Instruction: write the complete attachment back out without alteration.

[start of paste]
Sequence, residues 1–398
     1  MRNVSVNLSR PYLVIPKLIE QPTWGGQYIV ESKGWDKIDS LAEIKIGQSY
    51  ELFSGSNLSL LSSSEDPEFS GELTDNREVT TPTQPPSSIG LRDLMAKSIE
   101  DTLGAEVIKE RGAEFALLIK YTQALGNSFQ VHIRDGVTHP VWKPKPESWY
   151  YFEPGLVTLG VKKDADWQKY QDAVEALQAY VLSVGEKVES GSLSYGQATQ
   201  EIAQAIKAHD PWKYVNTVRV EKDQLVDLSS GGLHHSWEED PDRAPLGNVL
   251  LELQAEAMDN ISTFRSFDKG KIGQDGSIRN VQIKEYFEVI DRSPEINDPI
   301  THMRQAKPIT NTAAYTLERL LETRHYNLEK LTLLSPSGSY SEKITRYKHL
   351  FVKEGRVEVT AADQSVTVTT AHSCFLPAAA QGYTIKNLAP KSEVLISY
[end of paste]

Sequence, residues 1–398
     1  MRNVSVNLSR PYLVIPKLIE QPTWGGQYIV ESKGWDKIDS LAEIKIGQSY
    51  ELFSGSNLSL LSSSEDPEFS GELTDNREVT TPTQPPSSIG LRDLMAKSIE
   101  DTLGAEVIKE RGAEFALLIK YTQALGNSFQ VHIRDGVTHP VWKPKPESWY
   151  YFEPGLVTLG VKKDADWQKY QDAVEALQAY VLSVGEKVES GSLSYGQATQ
   201  EIAQAIKAHD PWKYVNTVRV EKDQLVDLSS GGLHHSWEED PDRAPLGNVL
   251  LELQAEAMDN ISTFRSFDKG KIGQDGSIRN VQIKEYFEVI DRSPEINDPI
   301  THMRQAKPIT NTAAYTLERL LETRHYNLEK LTLLSPSGSY SEKITRYKHL
   351  FVKEGRVEVT AADQSVTVTT AHSCFLPAAA QGYTIKNLAP KSEVLISY